"Kristen...

I hope this finds you well. There are a number of challenges that we encountered while doing hydrological surveys in Sere Olipi that I would like to bring to your attention. The challenges are as follows:

1. Former Projects - In 2006, Masaai Barefoot Technology (MBT) surveyed more than 6 wells in Sere Olipi. The community entry point was poor, only a few politically correct people were involved in site selection which the community was not happy about. The people involved selected sites in or near their homesteads. This project never kicked off despite community clearing bushes, making roads, collecting sand, hardcore and stones for building. The community felt exploited, cheated upon and empty.

Our challenge:
It was very difficult for me to convince the community on the integrity of our program because they had a bad experience with the MBT project. In fact, they were reluctant on our mobilization. It took a lot of energy and experience to finally make them understand.

Our Way forward:
This community needs more visits for mobilization/sensitization.

2. Bad Terrain - as seen in the pictures of the Nairisha Community, it was very difficult for us to access this point using our 4-wheel drive cars. The road is bad and so is the bush.

Our Way Forward:
We need to go to this community early and make the roads passable, navigable and ready for drilling in mid-August.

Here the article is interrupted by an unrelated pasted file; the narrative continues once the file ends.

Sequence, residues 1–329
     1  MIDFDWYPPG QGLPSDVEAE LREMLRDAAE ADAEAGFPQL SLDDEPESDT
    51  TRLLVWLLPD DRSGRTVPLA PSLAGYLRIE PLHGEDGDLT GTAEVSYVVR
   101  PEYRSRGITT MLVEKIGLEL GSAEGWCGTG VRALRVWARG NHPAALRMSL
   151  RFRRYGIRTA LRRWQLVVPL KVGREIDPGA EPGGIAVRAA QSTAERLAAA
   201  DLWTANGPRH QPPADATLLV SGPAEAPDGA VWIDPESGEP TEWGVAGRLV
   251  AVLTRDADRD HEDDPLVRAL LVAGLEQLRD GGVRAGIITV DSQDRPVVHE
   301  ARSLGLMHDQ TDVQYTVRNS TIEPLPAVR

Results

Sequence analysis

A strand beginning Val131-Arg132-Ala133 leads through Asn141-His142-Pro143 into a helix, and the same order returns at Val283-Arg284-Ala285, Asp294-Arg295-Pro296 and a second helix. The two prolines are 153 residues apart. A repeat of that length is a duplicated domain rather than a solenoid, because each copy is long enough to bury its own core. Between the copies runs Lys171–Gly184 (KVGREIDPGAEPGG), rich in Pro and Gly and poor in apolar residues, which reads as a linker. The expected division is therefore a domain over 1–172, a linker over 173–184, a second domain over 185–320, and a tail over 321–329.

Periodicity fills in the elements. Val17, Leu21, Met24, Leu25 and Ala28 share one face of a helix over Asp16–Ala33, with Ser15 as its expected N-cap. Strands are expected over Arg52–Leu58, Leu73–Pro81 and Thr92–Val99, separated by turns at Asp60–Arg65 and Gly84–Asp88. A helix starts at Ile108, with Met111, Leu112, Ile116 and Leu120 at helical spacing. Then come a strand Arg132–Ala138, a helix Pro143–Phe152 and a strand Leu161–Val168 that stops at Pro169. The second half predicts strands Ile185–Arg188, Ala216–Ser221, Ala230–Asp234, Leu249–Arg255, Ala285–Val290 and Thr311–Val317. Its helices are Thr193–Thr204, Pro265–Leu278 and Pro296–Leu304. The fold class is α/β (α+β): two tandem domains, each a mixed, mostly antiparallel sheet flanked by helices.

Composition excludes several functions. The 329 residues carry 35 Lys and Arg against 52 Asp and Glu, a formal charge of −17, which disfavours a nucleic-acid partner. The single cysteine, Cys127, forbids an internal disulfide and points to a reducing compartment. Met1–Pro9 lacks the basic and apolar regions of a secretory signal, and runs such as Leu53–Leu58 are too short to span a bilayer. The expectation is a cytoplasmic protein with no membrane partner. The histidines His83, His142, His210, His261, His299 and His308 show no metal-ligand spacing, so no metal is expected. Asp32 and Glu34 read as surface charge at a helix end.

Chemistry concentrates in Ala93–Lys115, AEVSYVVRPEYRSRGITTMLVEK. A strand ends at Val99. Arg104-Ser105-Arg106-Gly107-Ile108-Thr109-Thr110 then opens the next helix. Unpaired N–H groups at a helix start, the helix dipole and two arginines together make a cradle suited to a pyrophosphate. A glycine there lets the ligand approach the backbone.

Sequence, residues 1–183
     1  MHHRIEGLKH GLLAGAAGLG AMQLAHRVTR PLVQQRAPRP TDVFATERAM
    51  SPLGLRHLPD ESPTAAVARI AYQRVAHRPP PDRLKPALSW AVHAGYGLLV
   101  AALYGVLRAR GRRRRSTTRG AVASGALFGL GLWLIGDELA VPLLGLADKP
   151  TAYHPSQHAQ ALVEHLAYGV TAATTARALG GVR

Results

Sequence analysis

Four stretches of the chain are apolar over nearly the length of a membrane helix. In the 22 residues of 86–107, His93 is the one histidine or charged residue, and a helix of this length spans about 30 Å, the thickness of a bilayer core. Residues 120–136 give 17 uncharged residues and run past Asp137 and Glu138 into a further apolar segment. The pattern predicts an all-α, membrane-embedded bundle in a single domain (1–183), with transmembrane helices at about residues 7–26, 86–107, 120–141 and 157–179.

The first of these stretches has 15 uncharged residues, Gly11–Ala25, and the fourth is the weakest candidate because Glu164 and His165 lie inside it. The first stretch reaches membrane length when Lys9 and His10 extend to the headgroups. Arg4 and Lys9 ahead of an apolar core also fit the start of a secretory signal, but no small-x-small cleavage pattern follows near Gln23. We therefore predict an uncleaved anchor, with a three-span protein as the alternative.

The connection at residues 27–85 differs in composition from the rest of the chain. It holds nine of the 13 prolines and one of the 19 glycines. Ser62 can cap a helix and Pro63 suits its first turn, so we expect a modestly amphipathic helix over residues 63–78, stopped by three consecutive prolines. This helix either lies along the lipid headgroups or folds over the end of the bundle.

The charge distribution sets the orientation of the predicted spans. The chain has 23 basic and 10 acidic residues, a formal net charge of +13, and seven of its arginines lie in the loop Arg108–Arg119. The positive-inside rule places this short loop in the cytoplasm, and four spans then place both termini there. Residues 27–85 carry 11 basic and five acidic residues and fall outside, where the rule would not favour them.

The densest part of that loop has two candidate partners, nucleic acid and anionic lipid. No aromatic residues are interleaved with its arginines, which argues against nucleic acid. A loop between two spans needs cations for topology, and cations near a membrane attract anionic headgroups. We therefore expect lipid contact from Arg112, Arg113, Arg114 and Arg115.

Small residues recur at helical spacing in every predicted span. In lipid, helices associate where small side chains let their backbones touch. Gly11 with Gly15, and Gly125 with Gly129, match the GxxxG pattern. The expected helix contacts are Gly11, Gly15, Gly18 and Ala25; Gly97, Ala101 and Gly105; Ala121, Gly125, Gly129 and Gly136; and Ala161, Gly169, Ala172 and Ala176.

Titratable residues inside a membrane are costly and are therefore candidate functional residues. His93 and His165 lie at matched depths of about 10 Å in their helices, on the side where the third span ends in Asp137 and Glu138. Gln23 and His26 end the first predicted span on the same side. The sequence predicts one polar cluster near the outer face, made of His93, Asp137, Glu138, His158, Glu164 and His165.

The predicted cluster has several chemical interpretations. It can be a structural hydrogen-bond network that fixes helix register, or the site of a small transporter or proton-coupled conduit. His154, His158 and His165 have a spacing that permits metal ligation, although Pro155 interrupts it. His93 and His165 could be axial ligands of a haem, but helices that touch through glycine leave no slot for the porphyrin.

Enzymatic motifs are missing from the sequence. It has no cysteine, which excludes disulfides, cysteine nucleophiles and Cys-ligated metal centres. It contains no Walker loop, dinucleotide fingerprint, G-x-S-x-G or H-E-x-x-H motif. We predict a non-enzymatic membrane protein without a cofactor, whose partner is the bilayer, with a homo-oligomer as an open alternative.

3. New Area/Virgin for Shallow Wells - Sere Olipi is a new area for shallow wells and boreholes, therefore this concept is new to the community.

Our Way Forward:
There is need to do more community meetings where we can educate members about the wells - their purpose, maintenance requirements, and future benefits.

Recommendations:

-There is a need to mobilize these communities early next month, the latest being on August 5th for bush clearance, collection of sand and hardcore.

- Hold a series of community meetings in Sere Olipi and Archer's Post, bringing on board women, administration, opinion leaders and all stakeholders prior to drilling. This will give us a head start as well as advocate what we do.

All my Love
Lucas"

Impact

People Impacted: 750

People Getting Safe Drinking Water: 750

150 Households @ 5 people per house
Data Source: Community Elders & Local Government

School Children Getting Water: 62

Lenlasim Preschool

People Getting Sanitation: 750

Improved sanitation has been an ancillary benefit of community water availability.

People Getting Other Benefits: 750

Water is the foundation from which all things grow. We expect that this community will receive many benefits beyond access to clean, safe drinking water.

Funding

Funded:
$13,000
Community:
$1,850
Final Cost:
$14,850

Plan/Proposal